NOPD officer denies knowing body would be burned

One of the two New Orleans police officers charged with burning a police shooting victim's body after Hurricane Katrina testified Tuesday that he was shocked when his colleague set the fire.

"There was no discussion whatsoever. Not even a hint of it. It was a shock," Lt. Dwayne Scheuermann said of Officer Gregory McRae's setting fire to a car with the body of 31-year-old Henry Glover in the back seat.

But Scheuermann said it might have slipped his mind to tell his commanding officer, Capt. Jeffrey Winn, that McRae set the fire.

Winn, who commanded the department's SWAT team, which included Scheuermann and McRae, said he didn't know one of his officers burned Glover's body until Scheuermann told him in 2009, more than four years after the fact.

"I knew the car and the body had been burned, but I didn't know who did it," Winn testified Tuesday during a trial for five current or former officers charged with various offenses in Glover's death.

Scheuermann said he thought he told Winn shortly after the incident but might have made an "honest mistake" and didn't until 2009.

"I would never hide anything from Captain Winn, not intentionally," Scheuermann said.

A former officer, David Warren, is charged with shooting Glover without justification outside a strip mall on Sept. 2, 2005. Former Lt. Robert Italiano and Lt. Travis McCabe are charged with obstructing the federal probe. All five current and former officers have pleaded not guilty to the charges.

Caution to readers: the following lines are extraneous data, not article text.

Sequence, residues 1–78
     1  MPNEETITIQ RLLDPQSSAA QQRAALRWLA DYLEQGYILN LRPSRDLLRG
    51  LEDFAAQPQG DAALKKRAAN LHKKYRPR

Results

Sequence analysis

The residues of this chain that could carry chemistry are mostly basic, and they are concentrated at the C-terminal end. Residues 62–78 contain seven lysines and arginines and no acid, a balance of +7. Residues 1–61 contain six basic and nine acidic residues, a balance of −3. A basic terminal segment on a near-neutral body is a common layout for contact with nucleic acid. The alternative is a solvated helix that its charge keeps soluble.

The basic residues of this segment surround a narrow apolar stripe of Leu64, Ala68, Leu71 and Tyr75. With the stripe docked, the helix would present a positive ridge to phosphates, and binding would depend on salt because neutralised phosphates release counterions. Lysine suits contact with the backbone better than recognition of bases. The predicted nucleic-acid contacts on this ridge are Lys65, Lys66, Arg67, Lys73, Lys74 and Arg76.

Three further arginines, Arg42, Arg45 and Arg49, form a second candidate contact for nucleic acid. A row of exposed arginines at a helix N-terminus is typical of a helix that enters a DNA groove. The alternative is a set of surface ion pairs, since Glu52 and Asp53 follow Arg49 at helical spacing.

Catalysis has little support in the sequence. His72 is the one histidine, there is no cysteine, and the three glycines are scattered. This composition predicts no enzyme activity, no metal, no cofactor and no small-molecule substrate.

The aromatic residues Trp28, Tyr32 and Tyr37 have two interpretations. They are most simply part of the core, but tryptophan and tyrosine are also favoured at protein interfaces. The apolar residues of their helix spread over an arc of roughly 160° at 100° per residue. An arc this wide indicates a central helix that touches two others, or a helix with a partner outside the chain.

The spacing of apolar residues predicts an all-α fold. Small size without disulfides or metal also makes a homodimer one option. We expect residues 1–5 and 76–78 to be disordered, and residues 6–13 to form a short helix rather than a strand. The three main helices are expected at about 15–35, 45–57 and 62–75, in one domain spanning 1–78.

Scheuermann and McRae are charged with deprivation of rights under color of law for allegedly burning the body and car. They also are charged with beating people who, seeking help for Glover after he was shot, brought him to a school that SWAT team members were using after the August 2005 hurricane. Scheuermann and McRae both denied physically abusing any of the three men.

Winn isn't charged with any wrongdoing in the case.

Scheuermann said Winn instructed him and McRae to drive Glover's body away from a makeshift police headquarters for "health reasons." But Scheuermann and Winn said they didn't know McRae intended to set the car on fire. In testimony this week, McRae admitted tossing a flare into the car's front seat and shooting out the rear window to ventilate it. McRae said he didn't tell anyone about his plan.

Under cross-examination Tuesday, McRae said he didn't think he was doing anything wrong when he burned the corpse. Earlier, McRae said he was weary of seeing dead bodies after Katrina and didn't want to let another one rot. McRae said it wasn't until later that he realized he had made a "terrible mistake" when he burned the car.

"There was no justification for what I did," McRae said.

McRae said the car he burned "was meaningless to me" because he couldn't use it.

"And Henry Glover was meaningless to you?" asked a prosecutor, Jared Fishman.

"No, sir, apparently he's not," McRae said.